//Murcia: Back to nature

Murcia: Back to nature

With its salt water lagoon, hot springs, forests and high mountains, Murcia is the perfect place to nurture mind, body and soul. By Heidi Fuller-Love

Blessed with sparkling clear seawater and its unique salt water Mar Menor lagoon, Murcia also boasts dense forests, high mountains, hot water mineral springs, several nature reserves, superb golf facilities and a string of glorious beaches, making it an ideal region for an exciting range of sports, leisure and wellness activities. 

Healthy hot water and mineral-packed mud

Averaging nearly 2,800 hours of sunshine per year, Murcia’s climate offers a healthy dose
of vitamin D, but there are also a range of natural treatments that will have visitors returning relaxed and restored from their holidays.

Popular since the Romans came here to take the waters back in the first century AD, Murcia’s hot springs packed with health-giving minerals feed a series of thermal baths in the villages of Mula, Mazarron, Fortuna and Archena, where state-of-the-art facilities – including hotels and indoor and outdoor pools  – make it one of the best spa resorts of Spain. 

Less hot, but equally renowned for their healing properties, the balmy waters of Mar Menor – said to be good for everything from exhaustion to arthritis – are rich in therapeutic minerals: magnesium,
calcium, sodium, bromide and iodine. Just breathing the briny air is said to cure respiratory problems, but there are also a full range of treatments on offer in gleaming modern thalassotherapy centres clustered around the lagoon. 

For a slightly more messy therapeutic experience visitors should head for the pretty fishing town of San Pedro del Pinatar, where mud baths packed with calcium, magnesium and potassium are said to ease bone and joint pains, remedy skin ailments and provide relief from rheumatism and arthritis. Health seekers can slap on the mud for free along the seafront, or get professional supervision in one of the specialised thalassotherapy centres.

Did you know?

Getting dirty

Visitors seeking an unusual souvenir to take home with them can buy Mar Menor’s therapeutic mud in one of the thalassotherapy centres near the lagoon. They should also buy San Pedro’s fleur de sel. Extracted from the protected areas of the Salinas, fleur de sel is salt in its purest form.

Sea, sun and aquatic fun

With several hundred kilometres of coastline boasting fine sandy beaches and sheltered coves, and dotted with centres offering world-class aquatic facilities, magical Murcia is ideal for water babies of all ages and abilities.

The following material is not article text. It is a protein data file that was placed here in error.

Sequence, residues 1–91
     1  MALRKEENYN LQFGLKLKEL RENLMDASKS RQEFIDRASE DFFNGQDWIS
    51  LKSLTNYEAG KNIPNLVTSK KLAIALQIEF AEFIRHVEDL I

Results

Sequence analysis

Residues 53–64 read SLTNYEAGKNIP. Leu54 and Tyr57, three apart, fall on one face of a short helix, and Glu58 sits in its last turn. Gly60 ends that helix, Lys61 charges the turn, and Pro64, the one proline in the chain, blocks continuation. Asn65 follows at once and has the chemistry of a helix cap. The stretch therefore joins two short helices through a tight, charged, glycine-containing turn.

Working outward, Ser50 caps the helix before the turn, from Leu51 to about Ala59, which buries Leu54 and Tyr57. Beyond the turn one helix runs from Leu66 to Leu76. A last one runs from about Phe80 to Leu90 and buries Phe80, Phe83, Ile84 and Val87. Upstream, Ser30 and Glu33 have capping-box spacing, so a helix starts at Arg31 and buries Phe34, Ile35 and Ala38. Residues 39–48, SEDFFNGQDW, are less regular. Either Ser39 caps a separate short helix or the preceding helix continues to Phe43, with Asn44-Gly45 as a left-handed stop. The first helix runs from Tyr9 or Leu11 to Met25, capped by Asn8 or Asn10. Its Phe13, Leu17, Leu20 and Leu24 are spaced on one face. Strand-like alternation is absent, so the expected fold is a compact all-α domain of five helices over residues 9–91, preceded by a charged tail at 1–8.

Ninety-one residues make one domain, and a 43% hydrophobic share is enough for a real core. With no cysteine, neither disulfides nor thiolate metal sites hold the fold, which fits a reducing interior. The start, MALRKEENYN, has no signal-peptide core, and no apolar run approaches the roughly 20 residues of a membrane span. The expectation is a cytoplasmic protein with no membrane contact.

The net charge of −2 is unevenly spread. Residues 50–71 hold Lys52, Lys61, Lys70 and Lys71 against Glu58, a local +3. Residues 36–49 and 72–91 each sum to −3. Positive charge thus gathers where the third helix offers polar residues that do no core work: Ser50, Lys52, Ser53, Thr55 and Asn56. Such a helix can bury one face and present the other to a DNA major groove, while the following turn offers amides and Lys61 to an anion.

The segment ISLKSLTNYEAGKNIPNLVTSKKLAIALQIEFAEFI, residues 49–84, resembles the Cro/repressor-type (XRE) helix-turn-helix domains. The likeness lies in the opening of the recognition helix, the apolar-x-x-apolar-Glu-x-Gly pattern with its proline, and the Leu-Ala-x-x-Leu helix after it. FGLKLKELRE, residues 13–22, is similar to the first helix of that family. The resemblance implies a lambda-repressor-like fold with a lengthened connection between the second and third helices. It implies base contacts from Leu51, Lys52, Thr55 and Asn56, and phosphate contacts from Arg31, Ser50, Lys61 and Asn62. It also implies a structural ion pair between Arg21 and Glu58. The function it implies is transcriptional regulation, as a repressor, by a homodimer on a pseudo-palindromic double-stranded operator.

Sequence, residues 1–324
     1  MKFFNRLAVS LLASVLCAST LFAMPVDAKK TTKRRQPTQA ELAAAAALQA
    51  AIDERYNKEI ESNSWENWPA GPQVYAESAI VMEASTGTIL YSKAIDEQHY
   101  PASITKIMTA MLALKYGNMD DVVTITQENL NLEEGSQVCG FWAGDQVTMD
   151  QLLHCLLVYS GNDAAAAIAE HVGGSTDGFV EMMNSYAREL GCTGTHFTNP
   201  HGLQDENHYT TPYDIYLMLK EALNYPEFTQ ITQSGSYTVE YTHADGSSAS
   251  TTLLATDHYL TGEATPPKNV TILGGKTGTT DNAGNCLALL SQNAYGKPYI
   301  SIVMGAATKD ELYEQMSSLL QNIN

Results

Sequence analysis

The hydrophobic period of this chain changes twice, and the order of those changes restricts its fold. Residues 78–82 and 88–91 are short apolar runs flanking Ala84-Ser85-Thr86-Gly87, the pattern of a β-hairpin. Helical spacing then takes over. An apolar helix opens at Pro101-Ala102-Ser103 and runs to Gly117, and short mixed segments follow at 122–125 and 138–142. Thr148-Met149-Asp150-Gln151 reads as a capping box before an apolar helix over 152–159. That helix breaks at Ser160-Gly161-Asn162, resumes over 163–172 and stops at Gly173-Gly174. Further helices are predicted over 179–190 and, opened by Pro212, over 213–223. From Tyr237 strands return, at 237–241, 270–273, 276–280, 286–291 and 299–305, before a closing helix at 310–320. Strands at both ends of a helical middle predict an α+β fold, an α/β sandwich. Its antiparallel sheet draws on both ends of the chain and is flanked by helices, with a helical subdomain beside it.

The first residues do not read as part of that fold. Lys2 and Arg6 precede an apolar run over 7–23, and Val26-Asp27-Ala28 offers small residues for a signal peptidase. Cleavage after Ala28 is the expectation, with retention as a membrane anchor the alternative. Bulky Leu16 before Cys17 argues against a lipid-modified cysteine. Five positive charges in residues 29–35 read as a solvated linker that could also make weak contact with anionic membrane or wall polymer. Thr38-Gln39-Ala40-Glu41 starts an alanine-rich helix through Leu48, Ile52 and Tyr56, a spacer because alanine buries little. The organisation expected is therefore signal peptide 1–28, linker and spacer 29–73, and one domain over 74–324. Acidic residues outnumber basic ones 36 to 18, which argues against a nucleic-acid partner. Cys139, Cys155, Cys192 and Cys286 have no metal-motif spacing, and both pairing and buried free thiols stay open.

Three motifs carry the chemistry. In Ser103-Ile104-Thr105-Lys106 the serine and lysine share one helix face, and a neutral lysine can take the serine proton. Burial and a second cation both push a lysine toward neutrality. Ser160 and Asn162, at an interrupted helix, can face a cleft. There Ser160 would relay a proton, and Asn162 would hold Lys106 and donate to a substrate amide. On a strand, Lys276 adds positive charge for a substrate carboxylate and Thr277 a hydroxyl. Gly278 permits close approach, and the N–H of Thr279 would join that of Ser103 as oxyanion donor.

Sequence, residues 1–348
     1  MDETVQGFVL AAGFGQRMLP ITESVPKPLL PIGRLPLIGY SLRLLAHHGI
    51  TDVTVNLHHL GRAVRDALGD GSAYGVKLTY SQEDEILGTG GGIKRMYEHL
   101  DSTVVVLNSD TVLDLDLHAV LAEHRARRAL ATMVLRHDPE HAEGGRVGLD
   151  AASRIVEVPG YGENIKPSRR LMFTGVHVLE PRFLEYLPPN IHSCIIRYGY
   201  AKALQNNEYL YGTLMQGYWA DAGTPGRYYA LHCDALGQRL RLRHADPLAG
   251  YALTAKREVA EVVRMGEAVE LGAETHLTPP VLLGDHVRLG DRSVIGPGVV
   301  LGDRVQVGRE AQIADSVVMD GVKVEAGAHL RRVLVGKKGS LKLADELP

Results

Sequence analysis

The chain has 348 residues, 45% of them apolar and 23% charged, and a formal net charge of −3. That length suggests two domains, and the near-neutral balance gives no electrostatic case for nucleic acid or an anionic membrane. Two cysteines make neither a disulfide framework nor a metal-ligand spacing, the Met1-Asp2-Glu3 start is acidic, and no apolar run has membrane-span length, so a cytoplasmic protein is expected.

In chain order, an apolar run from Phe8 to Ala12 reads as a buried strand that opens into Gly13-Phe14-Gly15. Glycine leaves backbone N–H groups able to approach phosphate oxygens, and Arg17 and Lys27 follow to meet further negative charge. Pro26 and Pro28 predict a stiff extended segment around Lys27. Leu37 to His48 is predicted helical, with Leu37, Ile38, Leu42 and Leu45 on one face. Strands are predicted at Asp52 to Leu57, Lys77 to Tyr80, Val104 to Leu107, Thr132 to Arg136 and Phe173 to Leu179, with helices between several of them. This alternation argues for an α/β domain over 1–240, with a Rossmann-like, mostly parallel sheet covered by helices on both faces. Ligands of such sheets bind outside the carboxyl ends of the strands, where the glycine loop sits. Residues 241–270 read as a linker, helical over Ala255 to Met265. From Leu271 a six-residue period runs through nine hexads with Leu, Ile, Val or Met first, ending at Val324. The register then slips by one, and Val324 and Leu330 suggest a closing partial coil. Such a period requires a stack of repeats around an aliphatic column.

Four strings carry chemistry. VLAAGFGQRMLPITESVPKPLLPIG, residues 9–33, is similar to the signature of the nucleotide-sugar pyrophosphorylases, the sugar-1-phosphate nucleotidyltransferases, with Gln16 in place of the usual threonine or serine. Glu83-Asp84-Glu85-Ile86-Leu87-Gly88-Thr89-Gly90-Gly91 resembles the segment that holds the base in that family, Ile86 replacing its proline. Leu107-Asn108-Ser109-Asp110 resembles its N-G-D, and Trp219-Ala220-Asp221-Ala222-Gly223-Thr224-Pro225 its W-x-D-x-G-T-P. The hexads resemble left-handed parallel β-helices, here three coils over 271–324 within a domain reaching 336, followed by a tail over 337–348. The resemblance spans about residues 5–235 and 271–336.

Mar Menor’s shallow buoyant waters are perfect for young families, but they also attract water sports professionals who come here to train, which means that the facilities for aquatic activities in centres such as Mar Menor Nautical Centre at Cabo de Palos and Puerto Deportivo Juan Montiel in Águilas are top notch. Adrenalin-sports lovers can learn to sail a catamaran or drive a speed boat here, while more leisurely activities on offer include paddleboarding and kayaking. Europe’s largest salt lagoon is also ideal for scuba divers, who can head out to explore countless shipwrecks, or get up close and friendly with local marine life in the warm and prolific waters of Cabo de Palos-Islas marine reserve. The resorts of Hormigas, La Azohía, Mazarrón and Águilas also have well-equipped diving centres.

Visitors seeking less strenuous fun in the sun can top up their tans on one of Costa Calida’s superb beaches. Families should make a beeline for child-friendly sand havens such as Calabardina or Playa de Mar de Cristal, while clothes-free sun worshippers will want to laze on the silky sands of naturist-friendly Calblanque.

Rural delights, wildlife sites and adrenalin activities

El Valle is one of Murcia’s many golf resorts

Visitors seeking to sample Murcia’s most authentic charms should head inland, staying in rural campsites or cottages and enjoying activities such as white water rafting or canyoning in the Cañón de Almadenes, descending the Segura river by inflatable boat or kayak near Calasparra, or going underground to discover prehistoric rock art in caves and gorges close to Isla Plana and Cieza.

Hikers and mountain bikers will also have fun in the glorious, pine-rich Sierra Espuña regional park – home to a host of endangered wildlife including golden and booted eagles and wild cats – where a web of trails lead out to reveal panoramic views and wild scenery. Closer to the coast, the regional park of Las Salinas y Arenales is the perfect destination for twitchers, who come here to spot flamingos and other migratory birds.

This palm-tree-lined coast is also a hotspot for golfers, who can play on one of 22 signature golf courses designed by renowned players. These include the world-famous La Manga Club whose facilities include not one, but three 18-hole courses.